Statement by Peter D. Sternlight, Executive Vice President, Federal Reserve Bank of New York, before the Subcommittee on Domestic Monetary Policy of the Committee on Banking, Finance and Urban Affairs, U.S. House of Representatives, April 28, 1992

Federal Reserve Bulletin, June 1992 | Go to article overview

Statement by Peter D. Sternlight, Executive Vice President, Federal Reserve Bank of New York, before the Subcommittee on Domestic Monetary Policy of the Committee on Banking, Finance and Urban Affairs, U.S. House of Representatives, April 28, 1992


Statement by Peter D. Sternlight, Executive Vice President, Federal Reserve Bank of New York, before the Subcommittee on Domestic Monetary Policy of the Committee on Banking, Finance and Urban Affairs, U.S. House of Representatives, April 28, 1992

It is a pleasure for me to respond to your committee's invitation to testify today on matters related to the U.S. government securities market. As an official of the Federal Reserve Bank of New York, which is significantly involved in processing Treasury auctions, I thought it would be useful to focus my statement on the current status of automating Treasury auctions. I would also be happy to give my views, from my vantage point at the Federal Reserve Bank of New York, on other matters the committee may wish to raise.

Automation of Treasury auctions is a highpriority matter for the Treasury and the Federal Reserve. Planning work in this regard was under way before the events of last August, but our timetable has been expedited in the wake of the events of the past year--notably the revelation of certain abusive practices by individuals at Salomon Brothers pertaining to Treasury auction rules.

The work on auction automation may be thought of as a several-staged approach. The first phase, which has been developed by the Federal Reserve Bank of Kansas City, encompasses a system that provides for the electronic submission of bids placed throughout the country, mainly by noncompetitive bidders, using the Federal Reserve's standard "Fedline" terminal. Fedline is the standard terminal that is currently in use to connect the Federal Reserve Banks with depository institutions for a variety of operational purposes. Although this system can facilitate the submission of electronic bids, it is not designed to handle the last-minute rush of large competitive bids that, in fact, make up the bulk of the dollar volume of auction bidding. Moreover, Fedline does not have an automated backup system. Designed mainly for noncompetitive bidders, many of which bid through relatively small financial institutions, the system is expected to serve its intended purpose very well. In the aggregate, of course, noncompetitive bids, though individually small, can add up to sizable amounts and can be a significant factor in auctions. MOreover, some large institutions in the New York Federal Reserve District have expressed interest in using this new electronic system to submit noncompetitive bids on behalf of customers. The first phase is expected to be available countrywide by about the middle of this year.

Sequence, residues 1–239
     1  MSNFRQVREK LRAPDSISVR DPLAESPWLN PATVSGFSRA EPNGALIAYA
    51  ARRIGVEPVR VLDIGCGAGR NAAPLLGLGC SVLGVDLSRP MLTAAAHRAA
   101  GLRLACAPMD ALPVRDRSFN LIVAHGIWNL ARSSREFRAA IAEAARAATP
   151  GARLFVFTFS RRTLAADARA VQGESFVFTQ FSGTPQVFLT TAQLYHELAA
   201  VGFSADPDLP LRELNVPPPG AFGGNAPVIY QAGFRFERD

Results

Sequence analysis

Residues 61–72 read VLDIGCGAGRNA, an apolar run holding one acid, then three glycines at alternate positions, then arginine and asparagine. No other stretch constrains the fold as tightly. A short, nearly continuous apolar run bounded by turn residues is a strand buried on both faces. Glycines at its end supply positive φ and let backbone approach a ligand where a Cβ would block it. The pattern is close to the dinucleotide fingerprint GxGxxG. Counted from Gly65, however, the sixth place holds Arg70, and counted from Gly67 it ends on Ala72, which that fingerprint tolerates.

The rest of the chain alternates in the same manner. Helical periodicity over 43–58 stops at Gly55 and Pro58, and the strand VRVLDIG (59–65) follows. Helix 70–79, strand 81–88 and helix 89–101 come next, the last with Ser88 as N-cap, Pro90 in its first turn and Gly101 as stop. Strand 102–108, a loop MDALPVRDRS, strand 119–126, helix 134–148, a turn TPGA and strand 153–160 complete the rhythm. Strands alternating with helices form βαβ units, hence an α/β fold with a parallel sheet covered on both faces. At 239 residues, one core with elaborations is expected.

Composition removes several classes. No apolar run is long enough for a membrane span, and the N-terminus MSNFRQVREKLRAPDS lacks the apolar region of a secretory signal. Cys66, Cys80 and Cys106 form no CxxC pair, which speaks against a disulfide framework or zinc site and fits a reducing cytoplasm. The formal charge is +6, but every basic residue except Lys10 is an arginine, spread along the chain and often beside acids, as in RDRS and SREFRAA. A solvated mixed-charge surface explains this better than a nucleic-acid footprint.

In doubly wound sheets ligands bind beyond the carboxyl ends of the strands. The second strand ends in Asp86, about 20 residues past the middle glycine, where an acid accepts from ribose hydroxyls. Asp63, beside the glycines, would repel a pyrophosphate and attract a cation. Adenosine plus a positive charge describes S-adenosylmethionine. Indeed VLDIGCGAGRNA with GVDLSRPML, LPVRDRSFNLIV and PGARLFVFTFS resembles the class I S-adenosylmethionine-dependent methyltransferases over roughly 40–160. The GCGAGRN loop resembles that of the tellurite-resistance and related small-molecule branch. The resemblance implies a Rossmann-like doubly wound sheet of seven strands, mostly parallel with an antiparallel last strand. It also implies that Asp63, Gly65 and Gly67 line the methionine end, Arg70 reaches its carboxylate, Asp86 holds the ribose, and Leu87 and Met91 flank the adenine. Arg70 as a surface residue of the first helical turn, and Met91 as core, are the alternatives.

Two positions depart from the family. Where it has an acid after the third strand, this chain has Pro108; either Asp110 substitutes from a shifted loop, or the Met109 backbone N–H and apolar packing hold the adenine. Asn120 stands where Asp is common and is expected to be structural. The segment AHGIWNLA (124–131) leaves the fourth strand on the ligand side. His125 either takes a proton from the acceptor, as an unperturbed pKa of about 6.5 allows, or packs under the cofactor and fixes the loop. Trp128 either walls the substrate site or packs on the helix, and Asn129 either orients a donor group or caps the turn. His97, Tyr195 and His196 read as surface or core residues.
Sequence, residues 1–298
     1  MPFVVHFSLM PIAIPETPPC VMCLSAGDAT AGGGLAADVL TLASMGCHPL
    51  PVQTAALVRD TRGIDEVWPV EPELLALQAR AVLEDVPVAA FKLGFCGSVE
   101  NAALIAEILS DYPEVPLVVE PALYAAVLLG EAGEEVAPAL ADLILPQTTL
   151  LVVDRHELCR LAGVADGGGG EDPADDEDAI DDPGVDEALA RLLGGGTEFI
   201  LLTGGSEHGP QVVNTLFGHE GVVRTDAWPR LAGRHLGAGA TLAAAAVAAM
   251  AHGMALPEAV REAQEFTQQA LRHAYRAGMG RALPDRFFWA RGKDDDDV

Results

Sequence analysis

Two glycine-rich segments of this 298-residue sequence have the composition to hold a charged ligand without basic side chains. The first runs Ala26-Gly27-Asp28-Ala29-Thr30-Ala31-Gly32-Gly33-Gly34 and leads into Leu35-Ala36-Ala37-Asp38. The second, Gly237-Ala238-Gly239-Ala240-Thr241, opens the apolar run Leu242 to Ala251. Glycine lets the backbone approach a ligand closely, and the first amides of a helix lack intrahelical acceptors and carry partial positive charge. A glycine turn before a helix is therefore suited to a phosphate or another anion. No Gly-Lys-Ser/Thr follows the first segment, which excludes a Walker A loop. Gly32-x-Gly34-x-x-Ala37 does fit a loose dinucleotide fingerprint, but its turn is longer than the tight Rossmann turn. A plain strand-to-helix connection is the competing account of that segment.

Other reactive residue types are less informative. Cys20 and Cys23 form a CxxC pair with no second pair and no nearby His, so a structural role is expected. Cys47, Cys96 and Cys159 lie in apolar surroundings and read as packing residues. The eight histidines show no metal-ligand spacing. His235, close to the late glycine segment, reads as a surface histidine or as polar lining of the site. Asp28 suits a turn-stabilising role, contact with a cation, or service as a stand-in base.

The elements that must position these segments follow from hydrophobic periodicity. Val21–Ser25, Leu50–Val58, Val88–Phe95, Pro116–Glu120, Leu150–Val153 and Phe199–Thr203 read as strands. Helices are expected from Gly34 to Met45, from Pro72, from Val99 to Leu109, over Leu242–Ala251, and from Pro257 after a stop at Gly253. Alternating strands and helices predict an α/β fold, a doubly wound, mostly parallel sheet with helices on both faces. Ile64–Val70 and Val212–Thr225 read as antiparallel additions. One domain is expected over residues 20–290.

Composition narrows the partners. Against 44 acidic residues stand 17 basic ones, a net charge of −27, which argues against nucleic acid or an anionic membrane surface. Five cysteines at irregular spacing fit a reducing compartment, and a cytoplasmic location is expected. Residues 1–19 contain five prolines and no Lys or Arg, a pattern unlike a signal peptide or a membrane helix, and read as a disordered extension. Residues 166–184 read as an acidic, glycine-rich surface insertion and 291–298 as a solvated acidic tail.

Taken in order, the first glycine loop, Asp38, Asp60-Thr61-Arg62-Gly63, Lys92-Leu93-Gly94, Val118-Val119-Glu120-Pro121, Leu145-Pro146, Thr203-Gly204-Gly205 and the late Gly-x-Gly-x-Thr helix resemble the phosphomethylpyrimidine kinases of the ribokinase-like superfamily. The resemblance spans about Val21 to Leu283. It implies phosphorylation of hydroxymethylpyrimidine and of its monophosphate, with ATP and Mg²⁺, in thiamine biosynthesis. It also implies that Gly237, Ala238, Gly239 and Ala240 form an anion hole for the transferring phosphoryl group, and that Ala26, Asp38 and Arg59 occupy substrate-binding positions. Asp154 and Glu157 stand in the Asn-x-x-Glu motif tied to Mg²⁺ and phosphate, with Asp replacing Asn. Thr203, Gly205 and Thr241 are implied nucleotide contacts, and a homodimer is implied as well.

When this first phase is completed, more than 9,000 depository institutions that have Fedline terminals connected to their Reserve Banks will be able to enhance their terminals and submit bids electronically. Other bidders, including nonbank securities brokers and dealers, will also be able to install Fedline terminals and submit bids electronically. This will be a significant step in broadening public access to the auctions across the nation. But I should note again that the first phase is limited because it could not handle--and was never designed to handle--the last-minute flurry of large competitive bids; nor does it have a reliable automated backup system.

Phase 2 of the automation process comprises a system designed specifically to meet the more demanding needs, including backup capabilities, of large competitive bidders, The system is being designed by the Federal Reserve Bank of New York, in accordance with Treasury specifications, and the project is on track for completion by about the end of this year. This system will be able to handle the last-minute rush of competitive bids with a very high degree of reliability and backup recoverability in the event of adverse circumstances. The system will also assist Treasury and Federal Reserve staff in monitoring auctions and enforcing the Treasury's rules.

Bidders under this system will also make use of the Fedline terminal but with enhanced software that upgrades it to a so-called "Fast Fedline terminal. …

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Statement by Peter D. Sternlight, Executive Vice President, Federal Reserve Bank of New York, before the Subcommittee on Domestic Monetary Policy of the Committee on Banking, Finance and Urban Affairs, U.S. House of Representatives, April 28, 1992
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